Why blog? Why take the time to do more than publish narcissistic, trite posts about “my day at the zoo” (or “in the zoo” for some) characteristic of many “personal” blogs out there, but to take the time and make the effort to research and analyze and write and try to make sense of the world and culture in which we live? For me, the answer is multivariate.
The short answer is: to maintain a level of consciousness of the political and cultural world in which I live and move and have my being, along with honing my writing skills for effective communication. Writing provides an opportunity to organize one’s thoughts and requires a level of understanding of the subject matter that simple verbal blather does not. And as Neil Postman has observed (emphases added):
From Erasmus in the sixteenth century to Elizabeth Eisenstein in the twentieth, almost every scholar who has grappled with the questions of what reading does to one’s habits of mind has concluded that the process encourages rationality; that the sequential, propositional character of the word fosters what Walter Ong calls the ‘analytic management of knowledge.’ To engage the written word means to follow a line of thought, which requires considerable powers of classifying, inference-making and reasoning. It means to uncover lies, confusions, and overgeneralizations, to detect abuses of logic and common sense. It also means to weigh ideas, to compare and contrast assertions, to connect one generalization to another.
Expanding this short answer further, let me show you from Scripture some of the reasons I blog using a brief exposition of the following verse:
The lips of the righteous feed many, but fools die for lack of wisdom.
The essence of Hebrew poetry is parallelism of ideas rather than rhyming of words. The book of Proverbs, part of the Hebrew wisdom literature, is one that makes extensive use of this form, with a large number of the proverbs appearing in a two phrase format in which the parallelism is fairly obvious. The parallelism can be a direct comparison, i.e., the same idea expressed differently or expanded, or a contrast of two opposites. (This is not an exhaustive description of Hebrew poetry. Most study Bibles will explain this in greater depth, and I would encourage you to avail yourself of such.)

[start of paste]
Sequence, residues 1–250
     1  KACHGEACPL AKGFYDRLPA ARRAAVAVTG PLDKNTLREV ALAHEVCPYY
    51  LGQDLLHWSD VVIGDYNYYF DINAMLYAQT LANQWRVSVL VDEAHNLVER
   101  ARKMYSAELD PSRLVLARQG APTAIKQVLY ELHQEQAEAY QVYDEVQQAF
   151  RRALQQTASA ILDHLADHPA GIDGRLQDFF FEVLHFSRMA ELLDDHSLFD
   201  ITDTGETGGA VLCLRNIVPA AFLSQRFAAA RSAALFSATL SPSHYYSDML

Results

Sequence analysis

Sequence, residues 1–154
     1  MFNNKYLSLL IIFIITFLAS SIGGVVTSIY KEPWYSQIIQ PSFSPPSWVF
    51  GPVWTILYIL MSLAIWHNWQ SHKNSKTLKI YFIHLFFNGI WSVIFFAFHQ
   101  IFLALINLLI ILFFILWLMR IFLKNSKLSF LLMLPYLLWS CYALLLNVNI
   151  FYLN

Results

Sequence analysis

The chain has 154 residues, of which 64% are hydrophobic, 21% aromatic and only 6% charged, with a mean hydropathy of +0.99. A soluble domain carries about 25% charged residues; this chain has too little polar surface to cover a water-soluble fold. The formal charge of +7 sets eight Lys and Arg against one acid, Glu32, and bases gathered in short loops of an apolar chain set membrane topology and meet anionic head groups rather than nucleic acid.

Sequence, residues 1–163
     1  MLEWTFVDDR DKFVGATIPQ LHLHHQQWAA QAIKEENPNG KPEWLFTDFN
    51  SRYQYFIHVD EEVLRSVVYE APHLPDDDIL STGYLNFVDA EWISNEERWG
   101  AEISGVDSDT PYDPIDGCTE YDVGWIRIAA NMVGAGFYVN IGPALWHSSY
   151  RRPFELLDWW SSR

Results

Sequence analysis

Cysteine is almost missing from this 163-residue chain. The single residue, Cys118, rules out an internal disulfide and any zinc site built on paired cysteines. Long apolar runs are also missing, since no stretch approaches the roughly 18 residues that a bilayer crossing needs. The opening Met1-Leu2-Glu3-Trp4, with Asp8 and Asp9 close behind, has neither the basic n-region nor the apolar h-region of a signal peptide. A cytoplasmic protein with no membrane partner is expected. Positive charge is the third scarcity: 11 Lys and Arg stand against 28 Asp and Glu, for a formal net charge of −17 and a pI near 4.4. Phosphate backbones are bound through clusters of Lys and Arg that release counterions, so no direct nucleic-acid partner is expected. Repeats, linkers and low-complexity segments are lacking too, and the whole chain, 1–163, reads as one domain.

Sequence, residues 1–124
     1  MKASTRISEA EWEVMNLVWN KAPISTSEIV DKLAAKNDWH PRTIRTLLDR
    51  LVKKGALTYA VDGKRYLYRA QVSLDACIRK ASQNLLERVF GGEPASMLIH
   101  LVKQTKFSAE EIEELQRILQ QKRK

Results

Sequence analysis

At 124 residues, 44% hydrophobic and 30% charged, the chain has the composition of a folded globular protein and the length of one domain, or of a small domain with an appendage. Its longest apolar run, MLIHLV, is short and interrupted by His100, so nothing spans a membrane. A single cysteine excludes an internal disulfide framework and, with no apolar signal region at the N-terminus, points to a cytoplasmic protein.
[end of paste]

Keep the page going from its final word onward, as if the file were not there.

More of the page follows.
The first phrase in this proverb, “The lips of the righteous feed many,” is very rich. For one, it states as a matter of fact that a righteous person will interact with others. Isolationism is not a valid lifestyle for a Christian. The cloister/convent model of piety is not a Scriptural one. The righteous will communicate, that’s what "the lips" do. Although verbal communication would be the primary application here, I think written communication would be included as well, especially since this concept has been passed on by the written word. Thus I would link it to one reason to blog.
The word translated here “to feed” is that used to describe pasturing and caring for livestock, i.e., “to pasture, tend, graze, feed.” The picture is a tender one, indicating both protection and nurture. Thus, the nature of what the lips of the righteous communicate is delimited to, in New Testament terms, that which edifies, or builds up. This calls to mind such verses as:
Let no corrupt communication proceed out of your mouth, but that which is good to the use of edifying, that it may minister grace unto the hearers.
But shun profane and vain babblings: for they will increase unto more ungodliness.
2 Timothy 2:16
See then that ye walk circumspectly, not as fools, but as wise, redeeming the time, because the days are evil.
Thus, I would/should blog things that are profitable for my readers, with a focus on their needs on an intellectual level.
In addition, this latter verse combined with this proverb (10:21) bring to mind a group of men described for us in 1 Chronicles:
And of the children of Issachar, which were men that had understanding of the times, to know what Israel ought to do….
1 Chronicles 12:32a